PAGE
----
John Gordon Rideout, SID
These articles are by Carroll M. Gantz, FIDSA, author of: DESIGN CHRONICLES--Significant Mass-produced Designs of the 20th Century, published August 2005 by Schiffer Publications, Ltd., and THE INDUSTRIALIZATION OF DESIGN- A History from the Steam Age to the Present, published December, 2010 by McFarland & Co., Inc.
US industrial designer born in St. Paul, MN, who entered the University of Washington as an architectural student, but World War I interrupted his study and he served in the US Navy in 1917. In the 1920s, he worked as a graphic designer in Chicago, and was one of the founders of the Chicago Society of Typographic Arts.
In 1931 he relocated to join with Harold van Doren in opening an industrial design office in Toledo, Ohio, where they developed a growing business. From 1933 to 1935, they designed Art Deco products, including a plastic radio for Air King, casseroles for Wagner, scales for the Toledo Scale Company, and bicycles, tricycles, scooters and wagons for the American national Company.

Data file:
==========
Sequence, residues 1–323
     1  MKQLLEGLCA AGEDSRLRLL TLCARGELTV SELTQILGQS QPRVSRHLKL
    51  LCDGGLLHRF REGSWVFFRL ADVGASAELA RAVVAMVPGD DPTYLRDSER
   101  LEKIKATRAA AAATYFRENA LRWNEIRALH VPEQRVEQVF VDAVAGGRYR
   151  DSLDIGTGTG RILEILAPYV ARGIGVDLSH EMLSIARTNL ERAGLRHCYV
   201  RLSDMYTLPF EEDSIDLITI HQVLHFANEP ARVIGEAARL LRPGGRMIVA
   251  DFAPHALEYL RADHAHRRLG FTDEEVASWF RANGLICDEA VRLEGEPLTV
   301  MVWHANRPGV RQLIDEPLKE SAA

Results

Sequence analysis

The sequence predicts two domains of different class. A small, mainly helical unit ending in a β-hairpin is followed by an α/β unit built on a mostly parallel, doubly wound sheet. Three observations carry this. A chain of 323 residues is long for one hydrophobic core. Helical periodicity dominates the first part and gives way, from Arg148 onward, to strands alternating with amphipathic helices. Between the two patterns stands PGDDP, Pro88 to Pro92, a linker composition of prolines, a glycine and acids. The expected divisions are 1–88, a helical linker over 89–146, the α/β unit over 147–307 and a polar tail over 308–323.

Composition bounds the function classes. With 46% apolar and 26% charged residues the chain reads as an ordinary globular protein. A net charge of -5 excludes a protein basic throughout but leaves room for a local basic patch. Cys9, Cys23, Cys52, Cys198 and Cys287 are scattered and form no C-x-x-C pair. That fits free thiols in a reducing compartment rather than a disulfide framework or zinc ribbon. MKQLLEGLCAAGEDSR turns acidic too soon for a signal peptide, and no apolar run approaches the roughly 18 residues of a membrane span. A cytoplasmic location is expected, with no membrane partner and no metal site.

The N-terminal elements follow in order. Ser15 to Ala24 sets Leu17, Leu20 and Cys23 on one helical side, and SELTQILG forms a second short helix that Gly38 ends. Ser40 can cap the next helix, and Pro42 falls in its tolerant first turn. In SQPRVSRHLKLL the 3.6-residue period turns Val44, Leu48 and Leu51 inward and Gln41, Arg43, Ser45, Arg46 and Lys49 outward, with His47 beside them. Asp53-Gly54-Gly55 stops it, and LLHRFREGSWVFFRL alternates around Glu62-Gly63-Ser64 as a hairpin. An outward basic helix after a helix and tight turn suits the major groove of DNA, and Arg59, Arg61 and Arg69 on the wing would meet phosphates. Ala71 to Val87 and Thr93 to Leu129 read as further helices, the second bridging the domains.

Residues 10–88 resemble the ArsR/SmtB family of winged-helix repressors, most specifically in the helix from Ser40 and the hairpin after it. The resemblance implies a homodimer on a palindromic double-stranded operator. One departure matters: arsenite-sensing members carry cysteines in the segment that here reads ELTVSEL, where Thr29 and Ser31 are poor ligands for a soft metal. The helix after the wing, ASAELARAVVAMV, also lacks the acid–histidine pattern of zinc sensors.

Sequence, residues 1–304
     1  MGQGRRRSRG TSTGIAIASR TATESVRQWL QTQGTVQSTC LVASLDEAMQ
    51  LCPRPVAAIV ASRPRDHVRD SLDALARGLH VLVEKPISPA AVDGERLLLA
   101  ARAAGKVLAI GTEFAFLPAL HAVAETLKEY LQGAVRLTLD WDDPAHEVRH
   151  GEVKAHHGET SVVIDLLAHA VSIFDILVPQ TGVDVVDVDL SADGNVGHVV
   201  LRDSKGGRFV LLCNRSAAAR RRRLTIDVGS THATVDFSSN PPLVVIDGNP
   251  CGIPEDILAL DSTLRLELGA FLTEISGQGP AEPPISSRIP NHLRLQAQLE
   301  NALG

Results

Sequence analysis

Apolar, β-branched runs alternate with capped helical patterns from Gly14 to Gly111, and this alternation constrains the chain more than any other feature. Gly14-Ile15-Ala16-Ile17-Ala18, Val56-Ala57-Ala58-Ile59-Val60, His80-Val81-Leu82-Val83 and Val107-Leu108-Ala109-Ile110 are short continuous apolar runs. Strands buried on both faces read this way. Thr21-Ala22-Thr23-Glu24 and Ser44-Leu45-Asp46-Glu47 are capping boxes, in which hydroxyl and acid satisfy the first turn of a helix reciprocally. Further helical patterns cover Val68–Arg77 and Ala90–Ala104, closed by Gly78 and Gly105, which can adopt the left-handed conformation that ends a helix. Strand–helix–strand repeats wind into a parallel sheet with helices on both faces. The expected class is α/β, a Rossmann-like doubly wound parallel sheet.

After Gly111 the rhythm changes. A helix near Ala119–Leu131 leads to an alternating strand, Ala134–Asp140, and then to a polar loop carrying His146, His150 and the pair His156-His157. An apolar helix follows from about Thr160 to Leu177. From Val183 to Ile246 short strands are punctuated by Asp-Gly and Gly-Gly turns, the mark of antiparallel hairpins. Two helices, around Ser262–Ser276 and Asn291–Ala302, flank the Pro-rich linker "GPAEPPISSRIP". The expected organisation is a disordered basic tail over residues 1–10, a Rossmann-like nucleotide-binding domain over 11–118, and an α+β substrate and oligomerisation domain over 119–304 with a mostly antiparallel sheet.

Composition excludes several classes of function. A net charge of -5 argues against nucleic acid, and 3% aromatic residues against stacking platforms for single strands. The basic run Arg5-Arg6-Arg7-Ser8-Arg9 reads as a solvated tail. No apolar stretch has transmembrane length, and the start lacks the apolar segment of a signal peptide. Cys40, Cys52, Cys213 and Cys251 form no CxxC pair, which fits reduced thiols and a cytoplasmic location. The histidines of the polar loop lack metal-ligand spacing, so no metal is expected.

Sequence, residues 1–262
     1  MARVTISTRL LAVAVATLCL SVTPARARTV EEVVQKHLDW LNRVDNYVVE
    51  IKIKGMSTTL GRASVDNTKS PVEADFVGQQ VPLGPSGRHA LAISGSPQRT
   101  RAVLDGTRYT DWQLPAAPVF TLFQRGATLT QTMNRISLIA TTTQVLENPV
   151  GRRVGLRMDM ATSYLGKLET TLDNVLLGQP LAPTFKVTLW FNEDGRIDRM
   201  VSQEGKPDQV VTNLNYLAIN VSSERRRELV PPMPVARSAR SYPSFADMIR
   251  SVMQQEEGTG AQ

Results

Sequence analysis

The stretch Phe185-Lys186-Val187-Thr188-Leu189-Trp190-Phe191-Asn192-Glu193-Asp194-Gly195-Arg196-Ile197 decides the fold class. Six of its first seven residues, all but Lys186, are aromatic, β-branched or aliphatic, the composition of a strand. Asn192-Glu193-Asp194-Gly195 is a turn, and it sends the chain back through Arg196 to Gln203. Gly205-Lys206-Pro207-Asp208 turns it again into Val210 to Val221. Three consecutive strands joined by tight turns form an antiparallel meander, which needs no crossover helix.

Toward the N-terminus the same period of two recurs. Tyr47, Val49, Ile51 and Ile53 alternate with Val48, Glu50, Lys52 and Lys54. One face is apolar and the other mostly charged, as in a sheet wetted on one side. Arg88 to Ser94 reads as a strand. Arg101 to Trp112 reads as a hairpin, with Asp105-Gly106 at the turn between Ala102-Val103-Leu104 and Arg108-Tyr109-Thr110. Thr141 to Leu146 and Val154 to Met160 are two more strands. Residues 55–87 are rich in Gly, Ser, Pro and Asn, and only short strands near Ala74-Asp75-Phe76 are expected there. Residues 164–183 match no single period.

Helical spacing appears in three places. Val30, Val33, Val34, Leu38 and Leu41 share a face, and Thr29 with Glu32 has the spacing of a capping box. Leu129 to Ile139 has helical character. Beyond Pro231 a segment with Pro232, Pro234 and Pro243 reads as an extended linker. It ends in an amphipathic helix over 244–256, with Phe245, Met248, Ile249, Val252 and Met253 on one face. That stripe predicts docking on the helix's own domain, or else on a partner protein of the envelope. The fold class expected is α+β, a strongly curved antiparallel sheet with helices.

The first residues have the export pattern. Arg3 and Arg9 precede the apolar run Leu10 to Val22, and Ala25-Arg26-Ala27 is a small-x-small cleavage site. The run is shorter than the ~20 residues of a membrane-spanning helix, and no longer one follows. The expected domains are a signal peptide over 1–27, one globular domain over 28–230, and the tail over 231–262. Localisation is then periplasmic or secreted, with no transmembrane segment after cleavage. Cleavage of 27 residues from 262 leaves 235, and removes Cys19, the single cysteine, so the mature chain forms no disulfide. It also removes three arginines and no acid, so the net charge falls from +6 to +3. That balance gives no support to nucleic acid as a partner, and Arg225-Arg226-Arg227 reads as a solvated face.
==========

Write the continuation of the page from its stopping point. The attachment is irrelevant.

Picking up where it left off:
In 1935, Rideout left Van Doren to open his own office, John Gordon Rideout and Staff, in Cleveland, OH. The reason was primarily to be near his fiancée, Alice Chalifoux, a concert harpist with the Cleveland Symphony Orchestra, who he married in 1937.
During World War II, Rideout closed his office in 1941, but reopened in 1943 in Chagrin Falls, OH, and in 1944 joined with architect Ernest payer to combine industrial design and architecture. In 1944 he was one of the 15 founders of the Society of Industrial Designers (SID).
Excerpted from Designers of the Machine Age by Carroll Gantz, to be published 2014 by McFarland & Company, Inc.